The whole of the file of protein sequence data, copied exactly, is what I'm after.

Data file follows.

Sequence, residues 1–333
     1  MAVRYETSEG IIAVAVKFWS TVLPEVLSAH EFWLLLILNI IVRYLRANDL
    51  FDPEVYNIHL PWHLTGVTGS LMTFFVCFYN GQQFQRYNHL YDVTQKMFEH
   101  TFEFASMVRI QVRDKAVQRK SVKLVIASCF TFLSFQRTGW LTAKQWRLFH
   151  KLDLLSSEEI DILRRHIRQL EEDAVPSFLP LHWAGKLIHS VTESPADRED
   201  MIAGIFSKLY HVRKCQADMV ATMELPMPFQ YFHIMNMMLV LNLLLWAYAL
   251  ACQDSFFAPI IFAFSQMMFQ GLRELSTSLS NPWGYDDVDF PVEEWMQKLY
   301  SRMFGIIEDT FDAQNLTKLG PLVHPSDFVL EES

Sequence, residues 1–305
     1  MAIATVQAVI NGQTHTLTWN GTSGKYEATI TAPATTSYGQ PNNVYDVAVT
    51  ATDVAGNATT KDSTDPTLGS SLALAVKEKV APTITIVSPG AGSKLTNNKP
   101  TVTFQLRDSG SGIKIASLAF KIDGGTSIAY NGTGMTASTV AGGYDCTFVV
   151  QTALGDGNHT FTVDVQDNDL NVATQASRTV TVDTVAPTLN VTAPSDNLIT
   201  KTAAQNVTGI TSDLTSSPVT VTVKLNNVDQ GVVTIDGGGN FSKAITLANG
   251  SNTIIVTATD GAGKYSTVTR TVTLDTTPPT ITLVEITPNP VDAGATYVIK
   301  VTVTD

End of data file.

Sequence, residues 1–333
     1  MAVRYETSEG IIAVAVKFWS TVLPEVLSAH EFWLLLILNI IVRYLRANDL
    51  FDPEVYNIHL PWHLTGVTGS LMTFFVCFYN GQQFQRYNHL YDVTQKMFEH
   101  TFEFASMVRI QVRDKAVQRK SVKLVIASCF TFLSFQRTGW LTAKQWRLFH
   151  KLDLLSSEEI DILRRHIRQL EEDAVPSFLP LHWAGKLIHS VTESPADRED
   201  MIAGIFSKLY HVRKCQADMV ATMELPMPFQ YFHIMNMMLV LNLLLWAYAL
   251  ACQDSFFAPI IFAFSQMMFQ GLRELSTSLS NPWGYDDVDF PVEEWMQKLY
   301  SRMFGIIEDT FDAQNLTKLG PLVHPSDFVL EES

Sequence, residues 1–305
     1  MAIATVQAVI NGQTHTLTWN GTSGKYEATI TAPATTSYGQ PNNVYDVAVT
    51  ATDVAGNATT KDSTDPTLGS SLALAVKEKV APTITIVSPG AGSKLTNNKP
   101  TVTFQLRDSG SGIKIASLAF KIDGGTSIAY NGTGMTASTV AGGYDCTFVV
   151  QTALGDGNHT FTVDVQDNDL NVATQASRTV TVDTVAPTLN VTAPSDNLIT
   201  KTAAQNVTGI TSDLTSSPVT VTVKLNNVDQ GVVTIDGGGN FSKAITLANG
   251  SNTIIVTATD GAGKYSTVTR TVTLDTTPPT ITLVEITPNP VDAGATYVIK
   301  VTVTD